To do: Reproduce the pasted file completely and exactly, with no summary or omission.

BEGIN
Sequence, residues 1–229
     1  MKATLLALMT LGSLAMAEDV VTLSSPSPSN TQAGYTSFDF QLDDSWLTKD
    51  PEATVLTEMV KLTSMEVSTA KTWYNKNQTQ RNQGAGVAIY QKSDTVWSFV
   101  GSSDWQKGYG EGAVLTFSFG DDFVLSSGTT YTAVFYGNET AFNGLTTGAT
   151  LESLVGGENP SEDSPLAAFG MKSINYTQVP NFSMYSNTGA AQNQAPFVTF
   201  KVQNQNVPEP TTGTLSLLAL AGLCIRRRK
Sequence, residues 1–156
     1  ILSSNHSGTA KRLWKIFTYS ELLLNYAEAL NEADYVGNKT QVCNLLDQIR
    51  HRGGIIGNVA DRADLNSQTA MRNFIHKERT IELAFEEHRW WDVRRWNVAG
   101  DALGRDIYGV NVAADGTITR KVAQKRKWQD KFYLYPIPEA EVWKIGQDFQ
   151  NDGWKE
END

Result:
Sequence, residues 1–229
     1  MKATLLALMT LGSLAMAEDV VTLSSPSPSN TQAGYTSFDF QLDDSWLTKD
    51  PEATVLTEMV KLTSMEVSTA KTWYNKNQTQ RNQGAGVAIY QKSDTVWSFV
   101  GSSDWQKGYG EGAVLTFSFG DDFVLSSGTT YTAVFYGNET AFNGLTTGAT
   151  LESLVGGENP SEDSPLAAFG MKSINYTQVP NFSMYSNTGA AQNQAPFVTF
   201  KVQNQNVPEP TTGTLSLLAL AGLCIRRRK
Sequence, residues 1–156
     1  ILSSNHSGTA KRLWKIFTYS ELLLNYAEAL NEADYVGNKT QVCNLLDQIR
    51  HRGGIIGNVA DRADLNSQTA MRNFIHKERT IELAFEEHRW WDVRRWNVAG
   101  DALGRDIYGV NVAADGTITR KVAQKRKWQD KFYLYPIPEA EVWKIGQDFQ
   151  NDGWKE